Thursday, February 13, 2014

Our Mutual Friend

“I have made up my mind that I must have money, Pa. I feel that I can't beg it, borrow it, or steal it; and so I have resolved that I must marry it.” 

Written in 1864-65, Our Mutual Friend would be Charles Dickens' last completed novel.  It was in danger of being incomplete as the manuscript was almost lost in the traumatic Staplehurst rail crash.  Dickens was lucky to escape not only with his life, but also with the manuscript.  Though not considered by critics to be one of Dickens' greatest successes, it remains a favorite with readers.  Once again, Dickens challenges the norms of Victorian society and their obsession with money and material possessions.

The Plot:
After building a massive fortune, a mean and cold-hearted miser dies.  In his will, he leaves his fortune to his son, John Harmon, from whom he has been estranged for many years.  John only gets the fortune if he marries a young woman whom he has never met named Bella Wilfer.  But before he can claim his inheritance, he is reported as drowned in the River Thames.  The fortune then falls into the hands of Old Mr. Harmon's faithful servants, Mr. and Mrs. Boffin.

As the chaos of the will, John Harmon's death, and Mr. and Mrs. Boffin's new found wealth begin to swirl around London, many people find themselves caught up in it.  There is spoiled, but pretty Bella Wilfer who has had her hopes of wealth dashed.  There is patient and kind Lizzie Hexham whose father's involvement in the Harmon case places him under a cloud of suspicion.  There is Eugene Wrayburn who finds himself drawn to Lizzie in a way he has never felt before.  There is the scoundrel Silas Wegg who determines to profit by Mr. Boffin's innocence in money matters.  And there is John Rokesmith who takes the position of Mr. Boffin's secretary and loses his heart to Bella.   As the story progresses, long hidden secrets come to light, fortunes rise and fall, and people are revealed be different from what they seem.      

My Review (Caution - Spoilers):

This was the next novel in my quest to read all of Dickens' works.  I greatly enjoy his novels and have heard many good things about this one from other readers.  Overall, though I didn't like it as much as some of his other works (Bleak House, Little Dorrit, David Copperfield), I still thought it was a solid read.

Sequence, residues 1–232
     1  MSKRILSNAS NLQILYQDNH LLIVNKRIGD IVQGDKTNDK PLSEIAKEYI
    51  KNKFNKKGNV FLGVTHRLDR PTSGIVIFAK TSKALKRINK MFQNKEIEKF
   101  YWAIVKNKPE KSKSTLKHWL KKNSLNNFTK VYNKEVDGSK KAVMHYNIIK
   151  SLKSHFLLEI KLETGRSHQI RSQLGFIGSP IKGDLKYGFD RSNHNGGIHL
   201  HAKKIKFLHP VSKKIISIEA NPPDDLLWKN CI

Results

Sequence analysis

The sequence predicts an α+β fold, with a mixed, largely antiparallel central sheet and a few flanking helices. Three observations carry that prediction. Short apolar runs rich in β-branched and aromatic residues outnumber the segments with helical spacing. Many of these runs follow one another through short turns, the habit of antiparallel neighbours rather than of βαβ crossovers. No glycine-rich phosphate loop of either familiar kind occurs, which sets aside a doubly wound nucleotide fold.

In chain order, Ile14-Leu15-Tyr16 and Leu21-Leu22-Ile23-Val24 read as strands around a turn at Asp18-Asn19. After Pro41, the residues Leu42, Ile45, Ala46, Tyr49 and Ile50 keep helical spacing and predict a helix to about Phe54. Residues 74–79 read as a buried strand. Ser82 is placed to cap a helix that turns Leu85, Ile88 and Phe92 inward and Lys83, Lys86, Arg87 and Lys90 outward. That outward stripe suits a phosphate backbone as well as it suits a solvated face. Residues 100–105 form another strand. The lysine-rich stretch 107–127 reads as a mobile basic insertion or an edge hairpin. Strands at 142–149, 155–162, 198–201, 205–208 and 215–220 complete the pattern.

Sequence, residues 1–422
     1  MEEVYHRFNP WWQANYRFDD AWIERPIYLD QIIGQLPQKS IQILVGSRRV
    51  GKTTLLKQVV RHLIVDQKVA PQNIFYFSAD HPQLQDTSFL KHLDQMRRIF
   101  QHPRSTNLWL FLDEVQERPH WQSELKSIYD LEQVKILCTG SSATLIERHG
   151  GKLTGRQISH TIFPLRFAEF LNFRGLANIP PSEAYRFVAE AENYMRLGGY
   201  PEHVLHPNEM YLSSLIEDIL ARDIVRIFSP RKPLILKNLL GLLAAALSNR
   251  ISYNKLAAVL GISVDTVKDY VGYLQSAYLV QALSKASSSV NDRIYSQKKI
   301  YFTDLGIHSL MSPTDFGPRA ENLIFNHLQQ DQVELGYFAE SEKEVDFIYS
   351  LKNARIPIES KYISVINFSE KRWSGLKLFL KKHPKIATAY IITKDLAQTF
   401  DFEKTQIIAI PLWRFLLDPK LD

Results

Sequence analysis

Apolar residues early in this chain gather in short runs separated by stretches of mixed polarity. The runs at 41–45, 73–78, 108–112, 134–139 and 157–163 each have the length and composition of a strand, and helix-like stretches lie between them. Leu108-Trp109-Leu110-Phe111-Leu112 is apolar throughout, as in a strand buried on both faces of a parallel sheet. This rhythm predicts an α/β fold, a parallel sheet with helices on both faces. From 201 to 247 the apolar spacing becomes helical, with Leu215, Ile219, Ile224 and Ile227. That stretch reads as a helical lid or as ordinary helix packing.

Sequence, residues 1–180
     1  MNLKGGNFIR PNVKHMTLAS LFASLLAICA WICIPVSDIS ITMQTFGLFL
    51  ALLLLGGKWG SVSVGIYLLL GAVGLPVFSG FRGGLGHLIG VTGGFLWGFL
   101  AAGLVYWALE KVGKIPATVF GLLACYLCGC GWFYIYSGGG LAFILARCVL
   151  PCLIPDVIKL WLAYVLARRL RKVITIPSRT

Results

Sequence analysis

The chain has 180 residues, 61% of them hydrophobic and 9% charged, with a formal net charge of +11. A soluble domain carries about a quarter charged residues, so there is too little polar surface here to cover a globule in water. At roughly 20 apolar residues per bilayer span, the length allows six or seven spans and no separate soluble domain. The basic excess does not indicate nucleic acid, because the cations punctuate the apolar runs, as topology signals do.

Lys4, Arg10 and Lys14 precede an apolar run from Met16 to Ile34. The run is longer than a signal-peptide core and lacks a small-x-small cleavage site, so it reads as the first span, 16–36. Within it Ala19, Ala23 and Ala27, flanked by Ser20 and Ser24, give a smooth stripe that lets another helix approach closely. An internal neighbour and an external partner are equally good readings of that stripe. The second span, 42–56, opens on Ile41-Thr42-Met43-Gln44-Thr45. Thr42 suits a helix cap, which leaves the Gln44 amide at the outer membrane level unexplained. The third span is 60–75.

One of the most notable aspects of this novel is the symbolism and importance that Dickens gives to water.  Like the courts in Bleak House, or Society in Little Dorrit, the River Thames becomes the silent character in this story, guiding the fates of many people.  Dickens uses it to symbolize rebirth and renewal time and time again.  Many characters face near drowning only to come out of it as new people.  John Harmon leaves behind the life his unloving father dictated for him for a life on his own terms and of his own making.  Eugene Wrayburn leaves behind an indolent (and somewhat selfish) way of life and instead commits himself to a loving and generous wife in the form of Lizzie Hexham.  What I find to be interesting is that Rogue Riderhood, one of the stories' villains, also experiences a near drowning experience.  But unlike the other characters, he remains unchanged after the ordeal.  Not every "baptism" leads to salvation.

As in his other novels, Dickens takes aim at the faults in Victorian society.  In this one, it is mostly the corrupting power of money (and the desire for it).  Though we later find that Bella Wilfer is actually a very sweet girl, her desperate need for money is a dark mark on her character for much of the novel.  We see the wealth often covers some very greedy and false characters as in the Veneerings (how aptly named), the Podsnaps, and the Lammles.  It is the pursuit of wealth that governs the actions of the treacherous Rogue Riderhood and the sneaky Silas Wegg.  Even sweet Mr. Boffin appears to allow his newfound wealth to change him into a miserly and miserable man.  Dickens shows us that the pursuit and gain of material possessions does not make up for the lack of a kind and generous spirit.

While the sprawling plot is decent enough, I find that what this particular book lacks in comparison with Dickens' other works are truly endearing characters.  Though I have become used to underwhelming main characters, there are usually plenty of eccentric side characters to make up for this.  I just didn't feel that with this novel.  I didn't find any characters that I really loved, or hated, or feared.  There was just a bit of blandness that seemed to hover over each one.  I didn't feel like any of them would stick with me for a long time.

While I don't consider it one of my favorite works, it was still worth reading.  Dickens' writing and plot are as spectacular as ever, and the characters are engaging, if just short of endearing.  It is a solid example of his work and one that you should read...after you've read some of his best ones.

The Movie:

There have been three TV serials made from this story.  The first was in 1958 and stars Paul Daneman, Zena Walker, and David McCallum.  Another was done in 1976 and stars Jane Seymour, John McEnery, and Nicholas Jones. 

The last one was done in 1998 and stars Keeley Hawes, Steven Mackintosh, Timothy Spall, and David Morrissey.  I have seen this one and found it to be a solid adaptation.  The plot was handled well, and the cast was excellent.  A worthy companion to the novel. 

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